A group of published UK-based authors and illustrators of picture books, children's and YA.
When I was reading books as a child, I had this idea that authors just sat down, wrote them from beginning to end, and never touched them again. All books, I naively believed, came into existence word perfect and forever unchangeable.
I was wrong about that. In fact, I was totally, utterly, and completely wrong. Some books may be written in full from beginning to end, but many are written leaving gaps for missing scenes that the author fills in later, rather like someone filling in potholes on a road. Others have chapters written completely out of order, and it’s even possible to write the two plotlines of a book entirely separately, and then shuffle the sets of scenes together to make a whole.
Even when the first draft of a book is completed, there are usually a lot of changes ahead before publication. Those changes can be anything from minor polishing, to drastic changes of plot, altering the cast of characters, adjusting the writing style, or even rethinking the viewpoint used.
My first two books, Earth Girl and Earth Star, went through a similar pattern of changes between first draft and publication. In both cases, I finished the first draft and instantly went straight back to the beginning, cutting unnecessary sentences, paragraphs, or even whole scenes. By the end of that first revision, each book was about ten per cent shorter, and in my opinion a lot better.
After the first revision of a book, I aim to step away from it for a month or so, come back with a fresh eye and revise it again, improving it as much as I can before anyone else sees it. Earth Girl escaped into the world ahead of plan, but Earth Star went through the second revision stage. After that, both books had several more waves of changes in response to comments from agent and editors. At every stage I worked at polishing and trimming the text.
Earth Girl and Earth Star were nice, well behaved books. Between first draft and publication, they shrank a bit in length. The basic plot stayed the same, though a few events were either added or strengthened. The characters, writing style, and viewpoint all stayed the same, but I made a whole host of tiny changes to polish the text.
But then came Earth Flight. This was the third book in the Earth Girl trilogy. By the time I was halfway through writing it, I knew I was in big trouble. Earth Girl and Earth Star were both about 105,000 words. Earth Flight was going to be much longer. It was going to be far too long.
The reason was simple. Earth Flight was the end of the trilogy. The first two books each had their own plotline that reached a conclusion. Earth Flight had that too, but it also had to bring all the threads of the trilogy to a conclusion, and ideally complete character arcs for all the main characters as well.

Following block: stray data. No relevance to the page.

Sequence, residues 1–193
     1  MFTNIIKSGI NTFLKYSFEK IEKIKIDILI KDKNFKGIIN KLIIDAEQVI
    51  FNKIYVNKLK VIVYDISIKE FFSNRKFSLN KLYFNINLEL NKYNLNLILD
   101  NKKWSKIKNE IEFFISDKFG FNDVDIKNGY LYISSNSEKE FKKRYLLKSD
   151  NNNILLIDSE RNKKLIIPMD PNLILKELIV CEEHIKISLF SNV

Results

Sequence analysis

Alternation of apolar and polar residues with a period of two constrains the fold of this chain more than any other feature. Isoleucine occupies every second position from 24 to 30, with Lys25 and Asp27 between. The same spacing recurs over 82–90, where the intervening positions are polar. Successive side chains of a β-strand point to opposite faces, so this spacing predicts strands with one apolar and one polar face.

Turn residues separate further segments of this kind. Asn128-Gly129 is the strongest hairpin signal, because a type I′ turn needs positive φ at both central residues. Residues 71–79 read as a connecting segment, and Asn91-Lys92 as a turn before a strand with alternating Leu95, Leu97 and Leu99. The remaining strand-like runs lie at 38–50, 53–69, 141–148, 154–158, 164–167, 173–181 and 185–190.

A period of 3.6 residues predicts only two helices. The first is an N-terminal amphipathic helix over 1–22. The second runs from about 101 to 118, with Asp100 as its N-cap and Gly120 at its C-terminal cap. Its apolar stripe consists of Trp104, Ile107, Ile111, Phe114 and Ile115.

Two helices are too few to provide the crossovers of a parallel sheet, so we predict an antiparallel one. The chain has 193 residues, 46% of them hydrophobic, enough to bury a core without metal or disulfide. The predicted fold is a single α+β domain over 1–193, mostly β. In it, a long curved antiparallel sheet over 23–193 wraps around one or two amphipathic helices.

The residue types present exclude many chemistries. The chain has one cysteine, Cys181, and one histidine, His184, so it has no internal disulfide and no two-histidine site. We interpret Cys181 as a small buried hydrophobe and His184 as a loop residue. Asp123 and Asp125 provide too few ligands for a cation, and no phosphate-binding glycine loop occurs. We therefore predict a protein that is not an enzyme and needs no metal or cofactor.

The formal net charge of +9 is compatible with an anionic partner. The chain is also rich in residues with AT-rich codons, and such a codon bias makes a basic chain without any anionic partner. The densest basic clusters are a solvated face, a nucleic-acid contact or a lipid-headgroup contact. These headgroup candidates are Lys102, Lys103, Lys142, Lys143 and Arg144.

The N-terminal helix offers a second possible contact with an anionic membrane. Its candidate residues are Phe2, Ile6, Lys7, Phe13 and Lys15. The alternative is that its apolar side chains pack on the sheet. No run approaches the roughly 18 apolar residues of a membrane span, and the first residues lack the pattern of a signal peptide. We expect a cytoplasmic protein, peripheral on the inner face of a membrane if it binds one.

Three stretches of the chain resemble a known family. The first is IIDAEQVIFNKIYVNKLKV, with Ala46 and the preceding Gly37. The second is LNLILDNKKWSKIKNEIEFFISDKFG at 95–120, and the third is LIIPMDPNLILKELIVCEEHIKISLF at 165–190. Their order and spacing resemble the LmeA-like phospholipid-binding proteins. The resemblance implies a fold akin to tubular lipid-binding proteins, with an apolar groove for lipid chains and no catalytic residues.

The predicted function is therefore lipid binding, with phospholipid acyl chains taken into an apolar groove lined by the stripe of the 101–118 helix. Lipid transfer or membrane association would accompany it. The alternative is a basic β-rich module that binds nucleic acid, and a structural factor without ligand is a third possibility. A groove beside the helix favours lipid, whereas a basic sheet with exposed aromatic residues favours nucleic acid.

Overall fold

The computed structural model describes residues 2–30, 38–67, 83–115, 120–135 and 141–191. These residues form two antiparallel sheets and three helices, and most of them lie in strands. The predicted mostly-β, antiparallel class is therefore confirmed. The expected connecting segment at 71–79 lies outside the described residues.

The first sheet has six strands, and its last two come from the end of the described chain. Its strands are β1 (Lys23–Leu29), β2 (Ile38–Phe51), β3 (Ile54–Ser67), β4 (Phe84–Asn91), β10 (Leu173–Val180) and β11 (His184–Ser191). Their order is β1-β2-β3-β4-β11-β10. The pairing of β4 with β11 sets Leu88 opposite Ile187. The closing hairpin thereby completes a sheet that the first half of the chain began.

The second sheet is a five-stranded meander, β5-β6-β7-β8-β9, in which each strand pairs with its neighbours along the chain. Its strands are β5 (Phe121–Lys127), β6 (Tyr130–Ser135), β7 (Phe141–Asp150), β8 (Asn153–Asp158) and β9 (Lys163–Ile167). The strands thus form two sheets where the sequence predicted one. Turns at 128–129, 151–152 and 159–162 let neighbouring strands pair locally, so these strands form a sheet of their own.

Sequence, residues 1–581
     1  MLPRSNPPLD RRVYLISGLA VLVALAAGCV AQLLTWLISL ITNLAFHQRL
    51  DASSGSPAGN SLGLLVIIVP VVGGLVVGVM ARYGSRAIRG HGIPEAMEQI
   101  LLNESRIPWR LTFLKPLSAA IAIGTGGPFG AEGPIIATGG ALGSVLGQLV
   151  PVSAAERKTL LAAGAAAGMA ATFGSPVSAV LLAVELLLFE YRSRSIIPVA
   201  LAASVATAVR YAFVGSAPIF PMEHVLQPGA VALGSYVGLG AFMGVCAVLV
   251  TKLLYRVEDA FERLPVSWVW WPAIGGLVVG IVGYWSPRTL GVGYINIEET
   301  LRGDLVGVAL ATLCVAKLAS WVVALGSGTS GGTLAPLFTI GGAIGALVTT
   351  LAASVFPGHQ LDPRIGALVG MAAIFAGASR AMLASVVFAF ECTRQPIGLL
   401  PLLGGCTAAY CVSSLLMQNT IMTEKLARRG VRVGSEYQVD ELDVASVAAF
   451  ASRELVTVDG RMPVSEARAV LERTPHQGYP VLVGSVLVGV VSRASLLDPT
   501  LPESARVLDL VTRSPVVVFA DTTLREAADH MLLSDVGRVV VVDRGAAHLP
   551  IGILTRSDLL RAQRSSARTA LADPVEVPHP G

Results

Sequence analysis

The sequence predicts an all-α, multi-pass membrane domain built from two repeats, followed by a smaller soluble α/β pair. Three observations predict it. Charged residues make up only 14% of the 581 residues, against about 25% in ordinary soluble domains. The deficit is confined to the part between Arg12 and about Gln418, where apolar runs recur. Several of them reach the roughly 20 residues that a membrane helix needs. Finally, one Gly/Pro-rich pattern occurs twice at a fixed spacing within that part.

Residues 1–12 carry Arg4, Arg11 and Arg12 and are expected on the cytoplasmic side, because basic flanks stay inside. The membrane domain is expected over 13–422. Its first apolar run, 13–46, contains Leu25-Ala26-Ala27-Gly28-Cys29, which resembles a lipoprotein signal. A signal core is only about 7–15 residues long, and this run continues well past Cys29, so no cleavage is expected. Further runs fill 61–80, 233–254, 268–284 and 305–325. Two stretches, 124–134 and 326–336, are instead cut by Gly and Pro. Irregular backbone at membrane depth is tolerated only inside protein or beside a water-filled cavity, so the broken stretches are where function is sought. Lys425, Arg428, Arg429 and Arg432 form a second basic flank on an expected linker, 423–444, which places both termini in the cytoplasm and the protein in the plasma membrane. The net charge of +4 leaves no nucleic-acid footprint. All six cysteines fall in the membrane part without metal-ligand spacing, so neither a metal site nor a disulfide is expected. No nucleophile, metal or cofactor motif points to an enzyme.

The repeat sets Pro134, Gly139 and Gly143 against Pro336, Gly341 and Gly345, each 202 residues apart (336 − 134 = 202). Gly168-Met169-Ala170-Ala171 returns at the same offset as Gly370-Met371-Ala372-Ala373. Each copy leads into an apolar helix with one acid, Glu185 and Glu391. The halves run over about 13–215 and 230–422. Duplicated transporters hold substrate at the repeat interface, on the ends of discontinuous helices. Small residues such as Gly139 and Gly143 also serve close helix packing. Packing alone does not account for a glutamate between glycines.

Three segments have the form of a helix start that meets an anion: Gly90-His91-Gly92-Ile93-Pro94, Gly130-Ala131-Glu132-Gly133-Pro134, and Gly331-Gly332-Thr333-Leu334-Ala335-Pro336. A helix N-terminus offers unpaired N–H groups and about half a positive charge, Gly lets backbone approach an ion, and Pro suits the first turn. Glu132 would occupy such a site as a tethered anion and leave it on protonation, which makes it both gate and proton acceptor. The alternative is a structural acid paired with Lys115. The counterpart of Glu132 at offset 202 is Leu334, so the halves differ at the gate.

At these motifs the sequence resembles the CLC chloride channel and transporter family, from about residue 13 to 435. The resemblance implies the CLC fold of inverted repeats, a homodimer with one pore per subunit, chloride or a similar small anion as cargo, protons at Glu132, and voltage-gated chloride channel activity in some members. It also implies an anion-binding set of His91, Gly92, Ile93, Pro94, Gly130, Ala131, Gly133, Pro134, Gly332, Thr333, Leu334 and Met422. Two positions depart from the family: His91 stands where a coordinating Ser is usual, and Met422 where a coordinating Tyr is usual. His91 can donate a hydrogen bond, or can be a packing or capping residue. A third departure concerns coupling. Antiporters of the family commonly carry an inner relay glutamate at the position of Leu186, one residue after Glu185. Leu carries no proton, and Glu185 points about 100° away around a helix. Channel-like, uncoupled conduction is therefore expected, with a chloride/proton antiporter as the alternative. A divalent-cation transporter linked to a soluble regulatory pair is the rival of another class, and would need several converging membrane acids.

The first draft of Earth Flight ended up being over 150,000 words long. That was fifty per cent longer than either of the first two books. I didn’t want Earth Flight to be a giant whale of a book, so I set myself a target. My goal was that Earth Flight would be the same length as Earth Star. During my first revisions of Earth Girl and Earth Star, I’d trimmed one word in ten from each book. With Earth Flight, I needed to lose one word in three.
So I went into the first revision of Earth Flight aiming to be brutal. I cut scenes wherever possible, and tightened the plotlines. By the end of it, Earth Flight was 128,615 words long. I know the exact number, because at the end of the first revision I decided mere brutality wasn’t enough. This had to be total war! I resorted to desperate measures and made a spreadsheet showing the current word count for each chapter as well as the target word count.
So I revised Earth Flight again and again until I finally got it down to the length I wanted. Doing that was a very interesting process, because I think it improved the book. Looking at it now, I don’t think I miss any of the scenes I cut except for one. A scene that would have shown something interesting about the developing relationship between the main character and her boyfriend. On the other hand, given what was happening in the main plot line at that point, having that scene could have seemed a bit of a digression from more important issues. Perhaps the book is better without it after all.
It was only after those huge changes that Earth Flight went off to my agent and editor.
After that point, Earth Flight had a few more changes, but probably less than Earth Girl or Earth Star.
Earth Flight was published last month. It ended up being 75 words shorter than Earth Star. Honey, I shrunk the book!
Janet Edwards lives in England. As a child, she read everything she could get her hands on, including a huge amount of science fiction and fantasy. She studied Maths at Oxford, and went on to suffer years of writing unbearably complicated technical documents before deciding to write something that was fun for a change. She has a husband, a son, a lot of books, and an aversion to housework.
Find out more about her and her EARTH GIRL trilogy at www.janetedwards.com